What kind of mindset do you have?

Image courtesy of canstockphoto.com/michaeldb

Image courtesy of canstockphoto.com/michaeldb

My friend Adele recommended a book to me called Mindset: The New Psychology of Success, by Carol Dweck. The premise is that there are 2 mindsets: a “growth mindset” or a “fixed mindset.”

People with a fixed mindset believe that their personality, ability, and talent levels are permanently fixed at where they are at. This limiting belief therefore hinders their performance and actions.

People with a growth mindset believe that hard work along with the desire to reach beyond their current personality, ability, or talent levels will result in noticeable improvement.

At first glance, I said to myself I have a growth mindset. In general, I believe that is true. I’ve always felt that I can do anything that I set my mind to. But, when I really stop and think about it, I realize that that is not entirely true.

My growth mindset

With regards to this writing journey I am on, I believe I have a growth mindset. Though I do not know everything there is to know about publishing my book and promoting myself as an author, I know deep down, that I will figure it out in time. There is no major stop sign or obstacle that holds me back. I work hard at learning different aspects and I take steps towards those goals.

I think there are many different aspects in my life where I have a growth mindset:

  • Learning a new culture and language
  • Learning a new craft
  • Figuring something out on the computer

I hold no limiting beliefs to these and a myriad of other things. I know I can expand my knowledge and my talents.

My fixed mindset

Conversely, when it comes to financial issues/topics and managing my money, I have a huge do not enter sign! This is because I have always found it to be confusing and overwhelming. Consequently, I believe that my talent and intelligence in this area are sub-par. I don’t even try to expand my knowledge in this area because I’ve already decided I’m not smart enough to figure it out!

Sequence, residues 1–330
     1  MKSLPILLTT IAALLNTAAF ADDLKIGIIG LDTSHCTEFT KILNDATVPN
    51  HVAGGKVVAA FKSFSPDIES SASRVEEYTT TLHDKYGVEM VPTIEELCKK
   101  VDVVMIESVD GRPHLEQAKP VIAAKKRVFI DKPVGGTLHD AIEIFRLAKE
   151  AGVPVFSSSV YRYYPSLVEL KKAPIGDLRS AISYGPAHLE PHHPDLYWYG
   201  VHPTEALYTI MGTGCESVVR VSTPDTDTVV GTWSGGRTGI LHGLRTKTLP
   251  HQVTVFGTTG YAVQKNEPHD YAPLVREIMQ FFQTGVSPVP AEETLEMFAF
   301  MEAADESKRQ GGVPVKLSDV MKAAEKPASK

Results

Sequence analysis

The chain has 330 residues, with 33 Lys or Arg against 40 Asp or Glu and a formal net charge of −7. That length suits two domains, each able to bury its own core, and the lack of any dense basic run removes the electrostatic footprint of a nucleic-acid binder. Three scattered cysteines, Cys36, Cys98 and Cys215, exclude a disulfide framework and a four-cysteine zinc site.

Seriously?! That is not a path to success! With the fixed mindset, I relinquish control and just let others advise me because I don’t think I have what it takes to figure it out.

Our brains can improve

Full disclosure: I haven’t finished reading the book, but it isn’t too difficult to see where Dweck is headed. Our brain has the capacity to grow and learn IF we challenge it rather than hold back and not even try.

It’s not surprising that high achievers have a growth mindset. They view failure as an opportunity to improve. People who have a fixed mindset view failure as a setback and may even allow that setback to paralyze them.

It’s important to adopt a growth mindset in all aspects of your life.
Equally important is recognizing that you can encourage and help others to have a growth mindset. As a parent, teacher, mentor, or boss, how you interact and encourage someone can have positive lasting effects on what mindset will be established.


Financial topics are not the only thing where my mindset is fixed, but it is probably the thing that bothers me the most. So, I have decided to change this fixed mindset to a growth mindset and I am going to challenge myself to understand and not be overwhelmed by money issues. I know this will not be an overnight process but my hope is that in 2015 I will learn enough and be confident enough to wisely manage our finances and our retirement.

In addition, when I catch myself saying I don’t know this or I can’t do this, I’ll be sure to add “yet” to the end of those statements!

Please note: I reserve the right to delete comments that are offensive or off-topic.

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